JL: I once had a discussion with a British friend about Poland’s contributions to the world. He said: “England discovered North America.” My response was that without Copernicus, the world would still be flat! Poland’s contribution to the world in all fields is essential to the world, and I am very proud and happy that this is part of my Polish heritage.

CR: Some people say only a Pole can truly understand and interpret Chopin’s music. What would you reply to that?

JL: I beg to differ. I believe that Chopin’s music can be understood by anybody who speaks from the heart.

CR: Are there times when you just don’t feel like playing?

JL: No! I love performing – and to perform, one needs to practice. There is always hard work involved in reaching a goal.

CR: Which qualities make for a good piano teacher?

JL: A teacher and student must bond together both with musical ideas and personalities.

CR: How do you deal with fame at such a tender age?

JL: As Jerry Garcia said, “fame is an illusion.” If you believe that success is measured by how happy somebody is, indeed I am very successful. The secret of success is to be yourself and have fun.  In a way, what I am doing is against all odds. I am from Calgary. I am not studying in a prestigious, famous school, I don’t have a powerful “heavy-weight” teacher. My parents aren’t musicians. By saying this, I am trying to emphasize that anybody, anywhere, not only musicians, can be successful with a love for what they are doing. Of course, it requires dedication and a lot of luck. I have been very privileged to meet many people willing to help me. I am also working hard.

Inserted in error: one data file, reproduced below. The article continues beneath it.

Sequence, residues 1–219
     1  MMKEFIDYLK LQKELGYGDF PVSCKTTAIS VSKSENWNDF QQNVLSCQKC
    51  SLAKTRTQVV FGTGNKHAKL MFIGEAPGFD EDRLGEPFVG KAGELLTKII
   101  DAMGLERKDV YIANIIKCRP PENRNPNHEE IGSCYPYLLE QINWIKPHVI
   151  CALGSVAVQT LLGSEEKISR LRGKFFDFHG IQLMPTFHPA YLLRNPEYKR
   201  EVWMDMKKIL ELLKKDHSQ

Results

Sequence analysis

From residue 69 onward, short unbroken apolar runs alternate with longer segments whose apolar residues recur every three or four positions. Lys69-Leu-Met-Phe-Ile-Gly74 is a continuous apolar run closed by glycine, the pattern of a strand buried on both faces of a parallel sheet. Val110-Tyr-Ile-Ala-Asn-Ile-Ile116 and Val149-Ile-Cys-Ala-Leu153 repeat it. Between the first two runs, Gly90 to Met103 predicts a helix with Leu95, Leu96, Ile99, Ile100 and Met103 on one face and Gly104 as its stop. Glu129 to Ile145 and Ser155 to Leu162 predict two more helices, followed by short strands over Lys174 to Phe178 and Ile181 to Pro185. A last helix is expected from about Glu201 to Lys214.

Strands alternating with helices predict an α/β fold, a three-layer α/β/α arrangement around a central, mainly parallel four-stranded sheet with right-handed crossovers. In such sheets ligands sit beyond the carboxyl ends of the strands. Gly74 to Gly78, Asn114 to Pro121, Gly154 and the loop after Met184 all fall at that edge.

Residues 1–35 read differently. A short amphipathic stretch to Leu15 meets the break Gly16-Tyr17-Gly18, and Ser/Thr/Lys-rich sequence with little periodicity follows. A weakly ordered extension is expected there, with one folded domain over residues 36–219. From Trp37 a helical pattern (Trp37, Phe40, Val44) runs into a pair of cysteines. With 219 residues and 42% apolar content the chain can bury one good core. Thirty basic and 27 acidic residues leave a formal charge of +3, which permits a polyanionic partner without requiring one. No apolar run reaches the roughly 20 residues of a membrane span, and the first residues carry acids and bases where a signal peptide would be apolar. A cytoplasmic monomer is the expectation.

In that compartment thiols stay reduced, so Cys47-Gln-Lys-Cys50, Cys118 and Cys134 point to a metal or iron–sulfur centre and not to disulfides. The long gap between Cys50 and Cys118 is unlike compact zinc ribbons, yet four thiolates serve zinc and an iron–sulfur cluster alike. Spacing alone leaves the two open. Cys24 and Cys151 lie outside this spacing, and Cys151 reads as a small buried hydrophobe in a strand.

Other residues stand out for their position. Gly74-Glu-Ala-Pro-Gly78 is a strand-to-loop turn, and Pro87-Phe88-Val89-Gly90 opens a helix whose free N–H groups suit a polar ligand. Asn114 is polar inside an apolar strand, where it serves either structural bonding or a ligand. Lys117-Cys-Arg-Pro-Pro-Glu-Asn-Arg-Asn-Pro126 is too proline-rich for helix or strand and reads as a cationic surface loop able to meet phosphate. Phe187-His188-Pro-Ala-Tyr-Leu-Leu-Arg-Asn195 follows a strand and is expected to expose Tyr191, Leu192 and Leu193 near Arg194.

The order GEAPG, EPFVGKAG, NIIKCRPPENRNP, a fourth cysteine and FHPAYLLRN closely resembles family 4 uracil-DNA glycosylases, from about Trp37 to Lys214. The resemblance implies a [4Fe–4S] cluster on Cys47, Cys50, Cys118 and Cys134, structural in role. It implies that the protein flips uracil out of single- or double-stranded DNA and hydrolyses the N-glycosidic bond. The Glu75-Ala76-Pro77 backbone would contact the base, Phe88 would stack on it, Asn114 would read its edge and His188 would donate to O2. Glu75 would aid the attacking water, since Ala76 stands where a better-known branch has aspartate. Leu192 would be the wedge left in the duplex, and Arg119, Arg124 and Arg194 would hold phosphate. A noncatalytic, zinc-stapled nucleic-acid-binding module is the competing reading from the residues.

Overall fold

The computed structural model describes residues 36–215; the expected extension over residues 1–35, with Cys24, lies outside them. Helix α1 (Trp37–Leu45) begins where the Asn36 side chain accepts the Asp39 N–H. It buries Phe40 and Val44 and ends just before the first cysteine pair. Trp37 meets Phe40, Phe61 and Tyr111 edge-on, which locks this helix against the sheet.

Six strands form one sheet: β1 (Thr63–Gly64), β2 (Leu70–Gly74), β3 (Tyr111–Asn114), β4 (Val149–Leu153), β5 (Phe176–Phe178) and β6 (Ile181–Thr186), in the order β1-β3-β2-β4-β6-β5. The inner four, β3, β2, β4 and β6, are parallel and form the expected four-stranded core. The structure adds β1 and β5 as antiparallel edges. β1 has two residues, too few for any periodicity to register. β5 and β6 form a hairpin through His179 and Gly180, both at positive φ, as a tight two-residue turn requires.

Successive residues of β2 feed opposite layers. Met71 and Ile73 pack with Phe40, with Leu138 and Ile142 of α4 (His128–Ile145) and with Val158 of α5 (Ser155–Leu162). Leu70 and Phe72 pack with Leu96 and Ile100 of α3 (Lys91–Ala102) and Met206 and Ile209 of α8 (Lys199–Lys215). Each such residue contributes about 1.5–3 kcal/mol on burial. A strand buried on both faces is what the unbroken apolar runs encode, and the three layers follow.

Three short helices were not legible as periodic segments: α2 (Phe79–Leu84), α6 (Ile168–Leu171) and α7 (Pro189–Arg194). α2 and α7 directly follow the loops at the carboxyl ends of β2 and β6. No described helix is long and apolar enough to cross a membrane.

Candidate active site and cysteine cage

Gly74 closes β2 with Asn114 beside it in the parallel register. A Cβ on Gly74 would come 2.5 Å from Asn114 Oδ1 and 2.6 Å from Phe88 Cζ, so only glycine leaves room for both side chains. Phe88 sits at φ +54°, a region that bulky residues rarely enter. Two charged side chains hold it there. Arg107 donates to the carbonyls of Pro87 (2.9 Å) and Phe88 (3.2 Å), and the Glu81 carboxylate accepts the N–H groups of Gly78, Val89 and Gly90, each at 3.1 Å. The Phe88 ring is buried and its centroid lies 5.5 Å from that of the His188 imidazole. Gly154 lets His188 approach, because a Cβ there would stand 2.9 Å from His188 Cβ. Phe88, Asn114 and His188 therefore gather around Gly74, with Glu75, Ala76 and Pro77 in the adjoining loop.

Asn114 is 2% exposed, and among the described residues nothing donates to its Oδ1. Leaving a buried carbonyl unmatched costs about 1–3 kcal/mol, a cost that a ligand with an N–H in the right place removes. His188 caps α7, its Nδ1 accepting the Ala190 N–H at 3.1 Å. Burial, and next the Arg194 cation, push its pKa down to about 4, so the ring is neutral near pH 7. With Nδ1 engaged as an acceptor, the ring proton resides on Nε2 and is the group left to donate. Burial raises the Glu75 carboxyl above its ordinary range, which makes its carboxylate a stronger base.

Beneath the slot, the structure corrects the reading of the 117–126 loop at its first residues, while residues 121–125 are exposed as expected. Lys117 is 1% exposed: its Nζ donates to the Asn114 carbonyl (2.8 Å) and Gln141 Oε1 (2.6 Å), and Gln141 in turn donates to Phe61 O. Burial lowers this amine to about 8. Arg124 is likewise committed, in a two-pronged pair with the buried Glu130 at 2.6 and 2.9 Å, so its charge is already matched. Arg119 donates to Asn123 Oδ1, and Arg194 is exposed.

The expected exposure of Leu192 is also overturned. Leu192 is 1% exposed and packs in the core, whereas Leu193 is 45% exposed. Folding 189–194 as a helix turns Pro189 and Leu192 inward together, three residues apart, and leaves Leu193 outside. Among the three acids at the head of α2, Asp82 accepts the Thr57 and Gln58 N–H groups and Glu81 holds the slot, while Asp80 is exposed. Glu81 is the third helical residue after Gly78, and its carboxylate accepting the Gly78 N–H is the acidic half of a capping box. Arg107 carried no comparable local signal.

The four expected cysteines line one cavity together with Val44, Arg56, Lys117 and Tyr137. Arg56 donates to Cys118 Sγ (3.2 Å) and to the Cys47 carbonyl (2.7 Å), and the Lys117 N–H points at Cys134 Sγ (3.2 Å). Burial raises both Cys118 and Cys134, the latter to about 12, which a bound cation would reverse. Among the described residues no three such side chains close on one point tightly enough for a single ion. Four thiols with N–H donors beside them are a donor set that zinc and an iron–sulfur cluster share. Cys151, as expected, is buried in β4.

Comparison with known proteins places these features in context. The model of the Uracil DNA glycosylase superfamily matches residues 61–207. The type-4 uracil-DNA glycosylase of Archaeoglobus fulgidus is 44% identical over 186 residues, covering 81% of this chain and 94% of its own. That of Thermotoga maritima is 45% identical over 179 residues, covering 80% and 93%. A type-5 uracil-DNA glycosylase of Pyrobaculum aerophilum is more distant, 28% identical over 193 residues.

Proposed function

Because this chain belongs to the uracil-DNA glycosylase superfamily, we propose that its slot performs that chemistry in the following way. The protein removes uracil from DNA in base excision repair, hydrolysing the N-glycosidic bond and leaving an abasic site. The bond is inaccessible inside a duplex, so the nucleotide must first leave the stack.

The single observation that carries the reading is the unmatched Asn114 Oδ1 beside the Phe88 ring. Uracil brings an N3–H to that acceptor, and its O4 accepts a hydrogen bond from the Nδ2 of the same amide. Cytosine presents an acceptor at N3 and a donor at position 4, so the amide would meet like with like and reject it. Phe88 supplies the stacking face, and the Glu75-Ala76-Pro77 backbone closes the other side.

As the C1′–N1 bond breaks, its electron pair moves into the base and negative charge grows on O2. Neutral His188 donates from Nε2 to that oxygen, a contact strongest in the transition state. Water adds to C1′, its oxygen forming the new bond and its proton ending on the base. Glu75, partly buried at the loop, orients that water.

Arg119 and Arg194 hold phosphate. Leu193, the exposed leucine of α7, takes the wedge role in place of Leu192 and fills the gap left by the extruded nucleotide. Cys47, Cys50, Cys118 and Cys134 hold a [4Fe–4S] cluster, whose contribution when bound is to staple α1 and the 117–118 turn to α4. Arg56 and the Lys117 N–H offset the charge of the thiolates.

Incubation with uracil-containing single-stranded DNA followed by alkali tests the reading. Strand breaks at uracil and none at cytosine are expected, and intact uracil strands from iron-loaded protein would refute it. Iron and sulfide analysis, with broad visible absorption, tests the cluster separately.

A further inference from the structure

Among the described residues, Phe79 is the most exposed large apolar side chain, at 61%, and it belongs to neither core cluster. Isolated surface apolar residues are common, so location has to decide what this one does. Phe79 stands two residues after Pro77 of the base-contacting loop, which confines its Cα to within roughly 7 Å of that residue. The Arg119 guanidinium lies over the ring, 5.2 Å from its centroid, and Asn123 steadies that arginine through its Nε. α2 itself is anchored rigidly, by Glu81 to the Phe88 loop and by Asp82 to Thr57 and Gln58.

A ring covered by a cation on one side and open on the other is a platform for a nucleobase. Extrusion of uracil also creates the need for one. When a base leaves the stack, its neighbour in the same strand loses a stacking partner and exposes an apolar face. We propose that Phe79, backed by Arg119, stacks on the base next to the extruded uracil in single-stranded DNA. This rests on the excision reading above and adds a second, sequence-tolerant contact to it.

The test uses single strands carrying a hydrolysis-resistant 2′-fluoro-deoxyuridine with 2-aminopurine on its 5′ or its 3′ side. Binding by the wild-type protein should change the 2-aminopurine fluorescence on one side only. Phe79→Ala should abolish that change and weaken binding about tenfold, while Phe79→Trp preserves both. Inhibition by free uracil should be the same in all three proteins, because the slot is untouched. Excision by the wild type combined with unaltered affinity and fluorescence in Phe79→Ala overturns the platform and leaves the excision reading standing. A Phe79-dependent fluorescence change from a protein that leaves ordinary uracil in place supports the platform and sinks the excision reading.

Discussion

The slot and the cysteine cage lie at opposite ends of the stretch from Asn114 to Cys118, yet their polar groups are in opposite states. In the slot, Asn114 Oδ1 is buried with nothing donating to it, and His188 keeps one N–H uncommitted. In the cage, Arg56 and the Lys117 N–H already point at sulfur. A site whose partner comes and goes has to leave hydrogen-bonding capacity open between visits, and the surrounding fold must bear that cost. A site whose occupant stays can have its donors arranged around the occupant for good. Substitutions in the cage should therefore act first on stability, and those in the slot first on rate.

CR: You have given dozens of interviews already. Are there any questions you haven’t been asked but would love to answer?

JL: My mom asked me once the question why I don’t want to study mathematics, as I could easily do. My answer was that as much as I love math and discovering answers to problems, they are, in the end, always the same. In music, you never reach the same answer. I love to think with sounds. What I hope for the future? To gain knowledge, a lot of knowledge, to be able to truly play as well as I can. This is the obligation for the public and the music, as left for me by the great composers such as Bach, Mozart, or Chopin. My life will unfold the way it is supposed to. I have no control over what the future holds for me, I can only work hard and enjoy every moment of what I am doing. Art defines a nation.

“Music expresses that which cannot be said and on which it is impossible to be silent” – Victor Hugo

CR will be following this young artist’s steps, thoughts (and fingers) closely. We are sure you will, too. In the coming months, Lisiecki will be performing throughout the Americas, Europe, Asia and the United States. To see when he’ll be playing in your city, visit his website.

Jan, we hope your life will keep on unfolding in the best ways possible. Thank you for taking the time to catch up with us.



Jan Lisiecki, via janlisiecki.com

Kinia Adamczyk
Kinia Adamczyk is a full-time Canadian and part-time Pole. Or maybe it's the other way around. When she's not pondering about hyphenated identities, Kinia makes a living muckraking at an investigative TV show in Montreal, writing, traveling and creating all sorts of fun things, including cool recipes and online magazines – she was a co-founder of cosmopolitanreview.com in 2008, while doing her Master's in European studies in Warsaw at the College of Europe. She finished her undergrad in journalism and communication studies at Concordia University in Montreal, with a year spent in Denmark and the Netherlands.